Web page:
ALEC HOGG: And then you're taking beverages, also it says in your information, your commentary to the results, from your Johannesburg central factory to Midrand, just explain that?

JOHANN VORSTER: Yes because it hasn't got a big milk content, it's not that important for that factory to be in the source. It's more important for that factory to be near the market and Clayville is well positioned for that. So, we're going to close down Mayfair, the central Johannesburg, close that down and then we'll have the saving by only having our juices and Tropika in our Clayville facility.

ALEC HOGG: It's a really good story and it's not difficult to understand why investors would like this stock but the thing that does raise a little bit of a concern must be the health issues. Maybe starting with the cattle themselves, we hear and we read so much about hormones being put into cattle and the increased concern that consumers have with all kinds of food. How do you control this?

JOHANN VORSTER: Well, each litre of milk undergoes 55 quality checks, from the farm right to the end product and we put our product in quarantine as well. Clover has always prided itself because of its quality, if you look at the most connected brands, we came in at number three lately, just after Pick n Pay and Coke. So, it's a brand that's trusted across the board. It's an aspirational brand, people want to buy it and our farmers, who have been all shareholders up until now, are very conscious about the fact that quality is the one that will give them growth. So, we've got a nice supply chain that all understand quality for the last 113 years. So, from a government point of view, the regulatory controls have all been neglected and we had to pick that up. So, for example, when we have foot and mouth disease and those sort of things we, as Clover, play an active role to make sure that we address those but...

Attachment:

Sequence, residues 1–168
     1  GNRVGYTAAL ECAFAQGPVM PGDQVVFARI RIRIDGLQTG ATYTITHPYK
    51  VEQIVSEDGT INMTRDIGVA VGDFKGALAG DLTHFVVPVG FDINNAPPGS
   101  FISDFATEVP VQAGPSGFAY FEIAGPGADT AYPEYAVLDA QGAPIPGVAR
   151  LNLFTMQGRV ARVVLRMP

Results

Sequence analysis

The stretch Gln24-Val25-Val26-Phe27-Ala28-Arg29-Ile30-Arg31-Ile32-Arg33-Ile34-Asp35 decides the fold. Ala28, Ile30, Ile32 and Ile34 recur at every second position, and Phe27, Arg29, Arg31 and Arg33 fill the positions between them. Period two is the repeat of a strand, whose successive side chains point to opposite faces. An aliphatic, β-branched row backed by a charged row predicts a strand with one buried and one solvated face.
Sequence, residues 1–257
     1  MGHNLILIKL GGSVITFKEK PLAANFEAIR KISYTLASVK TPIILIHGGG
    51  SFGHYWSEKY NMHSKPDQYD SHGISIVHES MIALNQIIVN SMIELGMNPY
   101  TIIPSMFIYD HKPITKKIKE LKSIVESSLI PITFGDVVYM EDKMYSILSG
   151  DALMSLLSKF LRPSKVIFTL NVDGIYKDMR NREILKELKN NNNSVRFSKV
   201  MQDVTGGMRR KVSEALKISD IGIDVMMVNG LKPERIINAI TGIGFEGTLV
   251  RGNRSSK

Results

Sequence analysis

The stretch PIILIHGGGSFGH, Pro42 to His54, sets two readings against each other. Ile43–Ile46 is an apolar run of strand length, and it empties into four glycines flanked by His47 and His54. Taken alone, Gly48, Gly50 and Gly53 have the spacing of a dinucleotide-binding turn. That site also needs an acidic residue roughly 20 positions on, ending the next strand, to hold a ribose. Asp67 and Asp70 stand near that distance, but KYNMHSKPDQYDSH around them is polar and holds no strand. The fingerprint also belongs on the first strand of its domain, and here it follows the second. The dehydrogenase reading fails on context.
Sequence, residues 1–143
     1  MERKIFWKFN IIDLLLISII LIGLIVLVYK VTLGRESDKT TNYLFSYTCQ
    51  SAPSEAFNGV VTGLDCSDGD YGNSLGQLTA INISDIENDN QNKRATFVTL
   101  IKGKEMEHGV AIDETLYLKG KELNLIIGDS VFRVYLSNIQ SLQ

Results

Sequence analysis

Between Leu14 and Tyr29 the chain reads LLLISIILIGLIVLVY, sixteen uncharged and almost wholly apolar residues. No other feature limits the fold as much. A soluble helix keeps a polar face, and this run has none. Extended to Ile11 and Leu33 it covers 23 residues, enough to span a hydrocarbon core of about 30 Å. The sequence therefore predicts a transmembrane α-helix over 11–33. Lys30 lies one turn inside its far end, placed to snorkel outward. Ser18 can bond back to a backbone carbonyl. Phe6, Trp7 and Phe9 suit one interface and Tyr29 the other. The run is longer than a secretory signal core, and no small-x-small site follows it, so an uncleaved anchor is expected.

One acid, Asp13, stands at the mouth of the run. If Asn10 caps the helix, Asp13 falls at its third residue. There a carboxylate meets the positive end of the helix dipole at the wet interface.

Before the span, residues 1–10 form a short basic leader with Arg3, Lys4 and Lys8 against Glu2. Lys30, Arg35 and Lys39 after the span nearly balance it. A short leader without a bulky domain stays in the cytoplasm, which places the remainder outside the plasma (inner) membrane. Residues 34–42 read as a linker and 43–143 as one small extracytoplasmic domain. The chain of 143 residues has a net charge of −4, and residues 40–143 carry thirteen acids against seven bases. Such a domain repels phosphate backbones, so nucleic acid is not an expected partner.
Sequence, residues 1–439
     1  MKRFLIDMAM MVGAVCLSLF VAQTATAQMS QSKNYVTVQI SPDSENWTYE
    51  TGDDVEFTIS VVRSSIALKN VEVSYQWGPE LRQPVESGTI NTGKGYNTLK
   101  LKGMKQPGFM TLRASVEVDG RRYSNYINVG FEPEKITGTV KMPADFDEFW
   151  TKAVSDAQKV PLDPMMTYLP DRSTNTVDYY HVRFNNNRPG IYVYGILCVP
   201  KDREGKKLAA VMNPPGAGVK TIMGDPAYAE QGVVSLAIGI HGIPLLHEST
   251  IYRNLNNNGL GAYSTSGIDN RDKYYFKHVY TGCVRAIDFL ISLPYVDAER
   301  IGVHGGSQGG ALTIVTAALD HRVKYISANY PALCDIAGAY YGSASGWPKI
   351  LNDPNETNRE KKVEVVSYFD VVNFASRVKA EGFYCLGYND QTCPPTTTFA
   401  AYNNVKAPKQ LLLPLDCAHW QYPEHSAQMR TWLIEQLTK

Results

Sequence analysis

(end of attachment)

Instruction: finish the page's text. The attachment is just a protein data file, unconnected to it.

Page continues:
ALEC HOGG: So, you're self-regulated in many ways?

JOHANN VORSTER: We're self-regulated, we've got rBST-free, we make sure from the farm right to the end that we control that chain with absolute precision.

ALEC HOGG: What about hormones that are being used now increasingly in farming?

JOHANN VORSTER: You can pick that up quite quickly if you look at the sales of those and the imports of those hormones. In our case, each farmer signs a certificate that it will not us rBST, although in America it's been found to be harmless, we don't believe in that. So that's a claim that we make that our products are rBST-free.